In the second half of his tutorial on character design Axis Animationâ??s Graham McKenna talks through topology, UV modelling, mirroring and moreâ?¦

Character Building – Part 2

Topology should actually be considered when building your primitive shells. It’s how the mesh flows in an optimal fashion. It’s a challenging stage and one that can eat up a lot of time. For example: when you build the bicep, how does that connect with the forearm and the shoulder, in terms of points and polygons?

A Holy Grail of mine is to try and keep the mesh in quad polygons but more often than not the necessity to insert a tri-poly connecting key areas is inevitable. I find it best to leave the joint areas of the character as quads although I have found that a well-placed tri-poly on a three-way joint can work well in certain situations. The example here shows an example of the creature’s wrist and how it was stitched together. Note how there are more points on the edge loop of the hand compared to that of the forearm. I have still managed to keep the band of the wrist as quads, merely changing the shape of the quad to suit the stitching.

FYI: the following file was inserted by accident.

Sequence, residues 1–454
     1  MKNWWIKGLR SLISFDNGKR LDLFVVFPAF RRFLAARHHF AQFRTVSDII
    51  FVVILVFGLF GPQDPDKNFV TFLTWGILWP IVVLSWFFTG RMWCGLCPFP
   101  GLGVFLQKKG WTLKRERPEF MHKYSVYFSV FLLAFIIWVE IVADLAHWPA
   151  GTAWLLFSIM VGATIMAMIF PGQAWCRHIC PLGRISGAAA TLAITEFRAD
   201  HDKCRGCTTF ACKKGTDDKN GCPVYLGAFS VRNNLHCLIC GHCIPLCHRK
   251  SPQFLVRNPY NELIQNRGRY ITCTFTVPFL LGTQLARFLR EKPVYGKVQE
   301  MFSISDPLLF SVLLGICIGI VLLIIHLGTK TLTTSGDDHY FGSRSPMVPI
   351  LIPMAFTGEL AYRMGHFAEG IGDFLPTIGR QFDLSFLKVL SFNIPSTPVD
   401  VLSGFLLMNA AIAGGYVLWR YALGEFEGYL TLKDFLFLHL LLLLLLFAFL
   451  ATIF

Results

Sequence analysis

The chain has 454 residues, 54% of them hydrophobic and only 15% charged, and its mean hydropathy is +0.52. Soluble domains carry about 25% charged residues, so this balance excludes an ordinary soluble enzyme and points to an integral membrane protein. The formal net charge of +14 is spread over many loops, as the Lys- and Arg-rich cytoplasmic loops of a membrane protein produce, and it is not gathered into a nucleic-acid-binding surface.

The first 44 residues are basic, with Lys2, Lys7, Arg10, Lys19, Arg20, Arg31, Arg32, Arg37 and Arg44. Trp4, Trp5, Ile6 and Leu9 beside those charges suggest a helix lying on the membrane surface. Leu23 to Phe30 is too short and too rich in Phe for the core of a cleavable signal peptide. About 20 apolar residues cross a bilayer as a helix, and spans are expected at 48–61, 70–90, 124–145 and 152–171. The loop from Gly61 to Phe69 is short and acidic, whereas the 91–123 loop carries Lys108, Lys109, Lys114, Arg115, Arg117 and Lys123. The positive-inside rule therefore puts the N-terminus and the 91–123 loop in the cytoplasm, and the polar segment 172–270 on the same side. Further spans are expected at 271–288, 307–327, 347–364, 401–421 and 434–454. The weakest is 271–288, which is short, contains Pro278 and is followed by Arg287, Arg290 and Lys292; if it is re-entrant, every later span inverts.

Why take time doing left and right when you can concentrate on one side and let the computer aid in the other, in essence that’s mirror modelling. Although we now have the ability to mirror our modelling as we build point by point I generally work on one half and then use a mirror function at stages to check the overall form.

Once I’m happy with one half I mirror stitch to create the overall form and then continue using a mirror modelling function to work on finer details of the mesh.

Using this process we can get a perfectly symmetrical mesh whilst only doing the work to half the mesh. Asymmetry, which is one of our nuances and often (if not always) seen in characters, can be introduced as a last stage – mirror modelling allows us to get to this stage quicker.

This is usually my last stage in the modelling process and quite an important one when working in production. If you are to look forward the next stage in the pipeline will be rigging so the animators can start breathing some life into your character.

Get talking to the rigger, find out his/her needs. This can be as simple as splitting your geometry into particular layers or posing the character in a certain way that suits a skeletal structure or adding another edge loop to aid in a better deformation.

Communicating with the rigger will ascertain what’s required for the next stage and more importantly for the modeller will eliminate having to do this further down the line once you’ve moved onto something else.

Truth is I find this quite a tedious stage, but one that dictates care and attention.

There can be a lot dependent on your UV map and it’s best to think ahead for its uses further down the line.

For example if we know the modelling process will be furthered by sculpting this will dictate no overlapping UVs. If I know this isn’t a requirement and know the texturing can be mirrored I may opt to overlay UVs to cut down the painting process.